8/29 (Tue.) Loss and Grief.(Host: Chris)

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註冊時間: 週三 5月 09, 2018 6:17 pm

8/29 (Tue.) Loss and Grief.(Host: Chris)

文章 miller »

Hello, Chris here, I am happy to fill in and be the host of the first section. Let’s try and talk about loss and grief.

Section 1: Story of a Friend
The friend has a brother and a sister. They suffered from loss and grief because their mother passed away in a car accident.
The brother, always believed he can overcome difficulties by willpower. What does not kill me, makes me stronger. After the accident, he never talked about it. Somehow he started to keep a distance from those who were acquainted with his mother. Also, he preferred doing things alone e.g., living alone and traveling alone.
The sister, always believed she can forget bad things through some entertainment, like dancing, singing, and outing. After the accident, she attended many activities, like a dancing club, singing lessons, and outing groups. She seemed to be pretty active, but she never talked about the loss as well.
The friend, always believed he can improve himself through learning new knowledge and skills. After the accident, he read books and websites, looking for modern methods to cope with loss.

Section 2: Story of your friend

What is grief?
Grief is a natural response to loss. It’s the emotional suffering you feel when something or someone you love is taken away. Any loss can cause grief, e.g., relationship breakup, Loss of health, Losing a job, Loss of financial stability, Retirement, Death of a pet, a loved one's serious illness, Loss of a friendship, Loss of safety after trauma. Emotional symptoms of grief may include shock and disbelief, sadness (emptiness, despair, yearning, deep loneliness), fear (anxious, helpless, insecure), anger, and guilt (for not doing more to prevent the loss).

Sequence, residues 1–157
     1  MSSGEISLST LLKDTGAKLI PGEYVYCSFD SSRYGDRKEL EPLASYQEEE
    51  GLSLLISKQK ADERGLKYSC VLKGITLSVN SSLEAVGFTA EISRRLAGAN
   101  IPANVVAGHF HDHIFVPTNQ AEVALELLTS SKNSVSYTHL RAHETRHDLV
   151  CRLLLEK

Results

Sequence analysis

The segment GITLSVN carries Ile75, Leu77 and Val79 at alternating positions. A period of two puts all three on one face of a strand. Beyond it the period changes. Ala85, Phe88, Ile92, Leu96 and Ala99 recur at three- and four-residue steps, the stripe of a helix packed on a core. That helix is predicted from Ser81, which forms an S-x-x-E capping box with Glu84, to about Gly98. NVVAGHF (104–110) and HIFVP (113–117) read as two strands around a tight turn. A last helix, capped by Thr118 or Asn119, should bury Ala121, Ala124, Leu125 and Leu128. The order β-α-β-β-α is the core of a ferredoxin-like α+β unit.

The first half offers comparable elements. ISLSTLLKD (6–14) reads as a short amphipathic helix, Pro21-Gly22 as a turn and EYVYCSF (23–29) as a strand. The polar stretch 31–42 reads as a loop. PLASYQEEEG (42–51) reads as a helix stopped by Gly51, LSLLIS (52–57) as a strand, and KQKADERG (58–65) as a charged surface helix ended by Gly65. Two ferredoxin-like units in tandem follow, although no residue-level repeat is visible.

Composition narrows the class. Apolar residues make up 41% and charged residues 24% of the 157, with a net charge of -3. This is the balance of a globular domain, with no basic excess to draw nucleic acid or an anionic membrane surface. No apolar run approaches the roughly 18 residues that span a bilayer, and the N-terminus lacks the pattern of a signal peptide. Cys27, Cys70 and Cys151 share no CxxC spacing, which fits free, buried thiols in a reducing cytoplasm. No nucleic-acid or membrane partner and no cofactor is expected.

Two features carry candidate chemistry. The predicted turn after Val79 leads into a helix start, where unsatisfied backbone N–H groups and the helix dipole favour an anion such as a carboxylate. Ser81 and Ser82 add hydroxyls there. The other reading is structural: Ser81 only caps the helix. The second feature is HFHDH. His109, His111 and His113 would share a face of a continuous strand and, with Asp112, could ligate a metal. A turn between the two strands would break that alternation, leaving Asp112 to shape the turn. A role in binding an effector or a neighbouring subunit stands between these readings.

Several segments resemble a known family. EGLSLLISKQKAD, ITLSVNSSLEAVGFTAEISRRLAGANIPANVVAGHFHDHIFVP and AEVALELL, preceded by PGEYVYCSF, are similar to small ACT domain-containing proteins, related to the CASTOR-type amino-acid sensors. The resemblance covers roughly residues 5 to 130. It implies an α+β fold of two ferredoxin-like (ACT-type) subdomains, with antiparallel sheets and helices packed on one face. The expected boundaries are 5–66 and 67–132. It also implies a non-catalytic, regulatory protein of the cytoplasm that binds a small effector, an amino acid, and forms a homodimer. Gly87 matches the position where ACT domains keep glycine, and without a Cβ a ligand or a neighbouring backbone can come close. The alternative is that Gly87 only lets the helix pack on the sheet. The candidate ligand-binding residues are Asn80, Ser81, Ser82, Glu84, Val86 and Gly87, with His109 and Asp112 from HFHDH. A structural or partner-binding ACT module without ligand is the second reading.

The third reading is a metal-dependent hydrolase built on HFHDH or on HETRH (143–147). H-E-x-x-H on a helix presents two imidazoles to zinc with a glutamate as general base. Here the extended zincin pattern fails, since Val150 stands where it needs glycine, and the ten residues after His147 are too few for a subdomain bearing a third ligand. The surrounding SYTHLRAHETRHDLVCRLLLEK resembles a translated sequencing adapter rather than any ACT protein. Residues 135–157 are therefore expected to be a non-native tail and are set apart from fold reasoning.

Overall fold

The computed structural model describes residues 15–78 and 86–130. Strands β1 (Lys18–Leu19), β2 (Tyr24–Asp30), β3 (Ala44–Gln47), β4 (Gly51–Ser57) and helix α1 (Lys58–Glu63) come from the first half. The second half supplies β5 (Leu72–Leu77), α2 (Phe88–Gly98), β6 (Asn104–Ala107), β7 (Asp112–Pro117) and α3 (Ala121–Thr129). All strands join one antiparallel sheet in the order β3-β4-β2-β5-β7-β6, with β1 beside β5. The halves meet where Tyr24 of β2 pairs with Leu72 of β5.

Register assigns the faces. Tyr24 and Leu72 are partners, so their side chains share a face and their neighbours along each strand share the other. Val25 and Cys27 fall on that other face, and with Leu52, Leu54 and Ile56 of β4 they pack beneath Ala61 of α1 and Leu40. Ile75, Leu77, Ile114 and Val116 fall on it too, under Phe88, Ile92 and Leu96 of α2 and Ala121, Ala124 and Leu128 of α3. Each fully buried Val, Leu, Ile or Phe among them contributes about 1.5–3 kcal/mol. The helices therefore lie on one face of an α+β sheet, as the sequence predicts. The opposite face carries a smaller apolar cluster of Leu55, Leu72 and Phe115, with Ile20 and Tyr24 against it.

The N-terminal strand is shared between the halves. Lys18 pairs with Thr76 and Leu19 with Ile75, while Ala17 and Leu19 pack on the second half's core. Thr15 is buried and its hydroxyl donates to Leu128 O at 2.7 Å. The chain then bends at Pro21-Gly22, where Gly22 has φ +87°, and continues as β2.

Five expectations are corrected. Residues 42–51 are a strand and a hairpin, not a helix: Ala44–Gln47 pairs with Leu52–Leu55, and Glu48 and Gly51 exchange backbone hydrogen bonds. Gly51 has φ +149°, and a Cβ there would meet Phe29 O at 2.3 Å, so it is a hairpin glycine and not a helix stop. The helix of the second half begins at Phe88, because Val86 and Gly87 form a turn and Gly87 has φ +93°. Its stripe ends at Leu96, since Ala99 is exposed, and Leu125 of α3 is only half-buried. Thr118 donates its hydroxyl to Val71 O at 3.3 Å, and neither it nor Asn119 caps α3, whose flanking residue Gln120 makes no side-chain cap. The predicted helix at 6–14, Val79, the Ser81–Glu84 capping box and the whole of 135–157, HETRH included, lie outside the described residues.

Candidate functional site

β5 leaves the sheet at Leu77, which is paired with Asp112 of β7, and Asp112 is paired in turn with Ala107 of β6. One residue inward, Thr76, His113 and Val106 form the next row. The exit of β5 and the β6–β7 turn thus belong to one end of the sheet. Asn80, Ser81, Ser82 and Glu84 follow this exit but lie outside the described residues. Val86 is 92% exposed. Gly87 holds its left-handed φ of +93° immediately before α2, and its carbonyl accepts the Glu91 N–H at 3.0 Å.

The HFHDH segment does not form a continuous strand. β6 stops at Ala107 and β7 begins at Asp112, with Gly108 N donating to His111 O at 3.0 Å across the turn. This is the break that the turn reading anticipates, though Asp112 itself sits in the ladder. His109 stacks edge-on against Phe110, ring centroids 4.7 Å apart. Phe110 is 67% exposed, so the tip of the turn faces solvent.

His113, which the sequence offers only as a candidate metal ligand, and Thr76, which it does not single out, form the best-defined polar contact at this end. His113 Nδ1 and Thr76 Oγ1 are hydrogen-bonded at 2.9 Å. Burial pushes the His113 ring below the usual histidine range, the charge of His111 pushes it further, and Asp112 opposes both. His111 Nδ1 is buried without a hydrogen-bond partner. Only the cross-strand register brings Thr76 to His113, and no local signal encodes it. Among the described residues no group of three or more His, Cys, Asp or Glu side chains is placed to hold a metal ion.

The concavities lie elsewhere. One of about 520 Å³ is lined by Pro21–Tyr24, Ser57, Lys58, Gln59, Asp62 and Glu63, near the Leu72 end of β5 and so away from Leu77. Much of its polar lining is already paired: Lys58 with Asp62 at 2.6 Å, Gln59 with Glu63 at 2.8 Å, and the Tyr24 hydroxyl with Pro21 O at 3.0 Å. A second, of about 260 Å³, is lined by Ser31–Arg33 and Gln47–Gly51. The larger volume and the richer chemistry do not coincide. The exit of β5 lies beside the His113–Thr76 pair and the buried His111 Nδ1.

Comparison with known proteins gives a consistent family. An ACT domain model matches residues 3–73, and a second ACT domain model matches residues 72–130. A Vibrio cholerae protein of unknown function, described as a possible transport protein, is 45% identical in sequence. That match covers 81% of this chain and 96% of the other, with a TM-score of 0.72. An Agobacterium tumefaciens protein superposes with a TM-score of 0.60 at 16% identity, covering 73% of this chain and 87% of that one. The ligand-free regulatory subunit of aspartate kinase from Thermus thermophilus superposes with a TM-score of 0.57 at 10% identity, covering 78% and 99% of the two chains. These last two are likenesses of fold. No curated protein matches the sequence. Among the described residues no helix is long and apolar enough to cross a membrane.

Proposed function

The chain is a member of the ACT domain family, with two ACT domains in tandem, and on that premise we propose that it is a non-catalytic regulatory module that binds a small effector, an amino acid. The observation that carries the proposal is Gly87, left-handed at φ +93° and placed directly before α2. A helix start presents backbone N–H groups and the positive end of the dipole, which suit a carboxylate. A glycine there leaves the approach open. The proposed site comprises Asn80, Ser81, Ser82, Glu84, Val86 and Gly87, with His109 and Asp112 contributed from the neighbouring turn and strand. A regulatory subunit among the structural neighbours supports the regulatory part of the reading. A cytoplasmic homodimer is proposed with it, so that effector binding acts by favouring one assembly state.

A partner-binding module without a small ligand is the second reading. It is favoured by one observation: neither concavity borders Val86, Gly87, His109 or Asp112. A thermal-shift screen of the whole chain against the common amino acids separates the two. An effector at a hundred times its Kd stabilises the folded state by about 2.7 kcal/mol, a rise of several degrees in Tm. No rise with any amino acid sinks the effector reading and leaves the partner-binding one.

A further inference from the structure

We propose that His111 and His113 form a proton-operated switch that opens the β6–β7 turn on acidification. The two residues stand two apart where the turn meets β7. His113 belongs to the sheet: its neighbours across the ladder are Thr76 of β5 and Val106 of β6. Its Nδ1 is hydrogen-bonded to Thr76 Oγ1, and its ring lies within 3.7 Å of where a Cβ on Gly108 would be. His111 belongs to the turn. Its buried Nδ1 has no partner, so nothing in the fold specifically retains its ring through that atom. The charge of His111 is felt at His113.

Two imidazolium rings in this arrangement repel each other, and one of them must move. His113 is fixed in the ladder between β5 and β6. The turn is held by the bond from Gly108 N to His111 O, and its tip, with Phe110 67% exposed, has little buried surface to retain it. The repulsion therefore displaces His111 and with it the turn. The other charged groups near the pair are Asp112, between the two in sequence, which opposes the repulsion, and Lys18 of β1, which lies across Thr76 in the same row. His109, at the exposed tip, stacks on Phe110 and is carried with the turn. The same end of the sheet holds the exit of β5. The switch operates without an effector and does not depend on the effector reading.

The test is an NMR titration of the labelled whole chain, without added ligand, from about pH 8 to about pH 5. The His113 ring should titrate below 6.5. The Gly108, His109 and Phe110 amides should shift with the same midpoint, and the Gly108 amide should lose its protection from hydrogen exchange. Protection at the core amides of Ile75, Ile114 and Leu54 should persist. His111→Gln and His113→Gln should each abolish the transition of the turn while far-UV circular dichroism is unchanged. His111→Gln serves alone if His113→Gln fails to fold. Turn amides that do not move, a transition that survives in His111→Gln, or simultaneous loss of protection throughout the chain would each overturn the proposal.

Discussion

Myths and facts about grief
Myth 1: The pain will go away faster if you ignore it
Fact: Trying to ignore your pain or keep it from surfacing will only make it worse in the long run. For real healing, it is necessary to face your grief and actively deal with it.
Myth 2: It's important to “be strong” in the face of loss.
Fact: Feeling sad, frightened, or lonely is a normal reaction to loss. Crying doesn't mean you are weak. You don't need to “protect” your family or friends by putting on a brave front. Showing your true feelings can help them and you.
Myth 3: If you don't cry, it means you aren't sorry about the loss.
Fact: Crying is a normal response to sadness, but it's not the only one. Those who don't cry may feel the pain just as deeply as others. They may simply have other ways of showing it.
Myth 4: Grieving should last about a year.
Fact: There is no specific time frame for grieving. How long it takes differs from person to person.
Myth 5: Moving on with your life means forgetting about your loss.
Fact: Moving on means you've accepted your loss—but that's not the same as forgetting. You can move on with your life and keep the memory of someone or something you lost as an important part of you. As we move through life, these memories can become more and more integral to defining the people we are.

Seek support
1. Turn to friends and family members. Often, people want to help but don't know how, so tell them what you need—whether it's a shoulder to cry on, a listening ear, or just someone to hang out with. If you don't feel you have anyone you can regularly connect with in person, it's never too late to build new friendships.
2. Draw comfort from your faith. If you follow a religious tradition, embrace the comfort its mourning rituals can provide. Spiritual activities that are meaningful to you—such as praying, meditating, or going to church—can offer solace.
3. Join a support group. Grief can feel very lonely, even when you have loved ones around. Sharing your sorrow with others who have experienced similar losses can help.
4. Talk to a therapist or grief counselor. If your grief feels like too much to bear, find a mental health professional with experience in grief counseling.

Face your feelings
1. You can try to suppress your grief, but you can't avoid it forever. To heal, you have to acknowledge the pain. Trying to avoid feelings of sadness and loss only prolongs the grieving process. Unresolved grief can also lead to complications such as depression, anxiety, substance abuse, and health problems.
2. Even if you’re not able to talk about your loss with others, it can help to write down your thoughts and feelings in a journal, for example.